What to do with that sweet-looking nut that comes with its own little pixie hat, and unfortunately, is so full of tannins only squirrels, wild boar, deer & weevils can eat them?
People - only desperate people, I might add - have for a long time roasted and ground acorns up to make a coffee substitute(i have seen an episode of the 1970s Colditz series where the prisoners made a huge pot of it...ra ra ra old bean).
Many countries leech the tannins out of the raw nut by pulverising it and rinsing it in water, and then use the flour in pastries, puddings and pastas.
I tried the acorn coffee and it does work (albeit a labour of fondness).
After roasting the shelled acorns at 180°C until dark brown, taking care to watch them (I used a timer set to go off every 5 mins once they had started to colour). They do suddenly burn! Taking into account the amount of time it takes to pick and shell them, you may find yourself as wound up as you feel when trying to speak to someone at a bank or an electricity supplier on an automated telephone line. So don't let them turn to charcoal, the flavour is bitter enough!
The acorn trees at the front of our house are not English oaks but evergreens, which means that pigeons shit all year round all over the car in all sorts of wonderful colours. The next wild food meal may just have to be some Kentucky-fried squirrel and roast wood pigeon washed down with a tasty Licor de Bellota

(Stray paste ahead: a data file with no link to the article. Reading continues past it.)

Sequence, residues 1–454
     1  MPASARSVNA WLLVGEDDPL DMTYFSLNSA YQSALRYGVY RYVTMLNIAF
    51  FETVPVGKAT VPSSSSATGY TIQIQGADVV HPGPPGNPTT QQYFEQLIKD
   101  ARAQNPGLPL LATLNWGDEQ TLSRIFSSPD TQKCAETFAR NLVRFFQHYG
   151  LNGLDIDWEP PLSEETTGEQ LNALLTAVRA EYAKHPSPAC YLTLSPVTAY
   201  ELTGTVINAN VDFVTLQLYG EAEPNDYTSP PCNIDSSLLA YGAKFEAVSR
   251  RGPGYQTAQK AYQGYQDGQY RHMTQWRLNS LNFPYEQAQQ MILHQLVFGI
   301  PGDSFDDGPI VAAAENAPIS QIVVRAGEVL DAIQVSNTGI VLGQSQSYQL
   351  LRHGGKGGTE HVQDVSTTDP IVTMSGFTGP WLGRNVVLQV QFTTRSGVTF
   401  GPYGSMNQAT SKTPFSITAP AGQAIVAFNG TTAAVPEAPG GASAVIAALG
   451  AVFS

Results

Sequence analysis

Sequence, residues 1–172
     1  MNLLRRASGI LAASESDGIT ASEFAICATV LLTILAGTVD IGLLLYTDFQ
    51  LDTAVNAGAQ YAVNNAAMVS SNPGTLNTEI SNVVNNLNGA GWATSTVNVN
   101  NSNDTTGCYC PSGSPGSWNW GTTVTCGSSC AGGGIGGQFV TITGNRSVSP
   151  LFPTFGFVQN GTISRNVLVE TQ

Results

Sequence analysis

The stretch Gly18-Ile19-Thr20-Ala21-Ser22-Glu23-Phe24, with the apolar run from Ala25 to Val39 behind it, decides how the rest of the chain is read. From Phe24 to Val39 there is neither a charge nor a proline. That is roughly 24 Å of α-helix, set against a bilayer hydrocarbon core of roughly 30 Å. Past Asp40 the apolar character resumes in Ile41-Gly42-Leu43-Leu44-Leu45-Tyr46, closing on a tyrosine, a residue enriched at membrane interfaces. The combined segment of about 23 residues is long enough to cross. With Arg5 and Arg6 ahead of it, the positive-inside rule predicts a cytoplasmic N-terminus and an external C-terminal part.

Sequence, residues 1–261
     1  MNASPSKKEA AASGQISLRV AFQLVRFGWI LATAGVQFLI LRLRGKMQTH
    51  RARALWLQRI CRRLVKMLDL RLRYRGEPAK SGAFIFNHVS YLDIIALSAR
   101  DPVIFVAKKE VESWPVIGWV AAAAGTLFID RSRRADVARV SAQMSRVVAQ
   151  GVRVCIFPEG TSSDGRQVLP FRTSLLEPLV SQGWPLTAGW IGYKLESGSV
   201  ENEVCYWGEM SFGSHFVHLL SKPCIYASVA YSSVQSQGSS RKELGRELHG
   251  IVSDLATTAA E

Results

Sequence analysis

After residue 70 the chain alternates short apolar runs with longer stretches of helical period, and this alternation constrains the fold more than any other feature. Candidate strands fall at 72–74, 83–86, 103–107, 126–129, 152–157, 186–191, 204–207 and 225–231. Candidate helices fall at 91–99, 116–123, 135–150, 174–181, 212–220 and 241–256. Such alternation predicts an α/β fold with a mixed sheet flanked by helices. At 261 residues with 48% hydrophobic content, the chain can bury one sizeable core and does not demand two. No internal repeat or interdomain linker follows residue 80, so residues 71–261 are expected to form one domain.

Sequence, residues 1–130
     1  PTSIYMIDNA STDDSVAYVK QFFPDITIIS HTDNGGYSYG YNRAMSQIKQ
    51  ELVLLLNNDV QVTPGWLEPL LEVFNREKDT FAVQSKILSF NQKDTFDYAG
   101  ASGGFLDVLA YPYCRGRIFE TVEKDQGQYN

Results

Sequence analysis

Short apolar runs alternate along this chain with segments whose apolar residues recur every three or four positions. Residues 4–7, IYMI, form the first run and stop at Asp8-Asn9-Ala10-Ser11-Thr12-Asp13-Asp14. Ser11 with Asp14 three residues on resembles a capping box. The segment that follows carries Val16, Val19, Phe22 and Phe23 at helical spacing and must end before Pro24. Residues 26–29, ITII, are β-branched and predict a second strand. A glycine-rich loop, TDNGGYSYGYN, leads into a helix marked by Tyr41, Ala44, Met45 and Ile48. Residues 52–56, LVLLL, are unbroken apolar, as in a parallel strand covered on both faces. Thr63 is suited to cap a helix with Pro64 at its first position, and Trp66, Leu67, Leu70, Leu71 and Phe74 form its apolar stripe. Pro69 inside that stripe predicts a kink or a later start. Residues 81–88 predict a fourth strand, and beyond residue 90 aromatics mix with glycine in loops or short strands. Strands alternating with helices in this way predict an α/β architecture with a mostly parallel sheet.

When I was a Spanish food rep for a short time, I was introduced to an acorn liqueur which was surprisingly good and tasted like amaretto. This Licor de Bellota is made from Holm Oak acorns. Holm Oak is the same Mediterranean evergreen that grows outside our house, favours coastal regions and is often used as a wind break(my wife thinks thats handy considering my diet and the beer i consume). My last batch of acorns are definitely going to be turned into this warming tipple!
I digress... Anyway, back to the acorn-no-caffeine-coffee. Once roasted, grind up the nuts which will now be rock hard and brittle. Grind them to a powder and stick them in a cafetiere. Process as you would for normal coffee and voilà! it looks like coffee, smells exactly like coffee, and tastes worse than crap, cheap percolated coffee you would find at a 'bring and buy' sale in the local church hall!.. Mmm, get out the nice biscuits and bourbons.
So I ask myself, "What's the point?"...
I then think about the types of food I could get this flavour into. I've never been a great fan of coffee-flavoured anything. I can't abide coffee cake though can tolerate mocha.
It makes sense for the bitterness to be offset by sugar in a desert, and my first attempt was definitely a surprising success.
Acorn crème caramel.
And as it so happened. It tasted very much the same as a classic coffee crème caramel.
And that was exactly the point!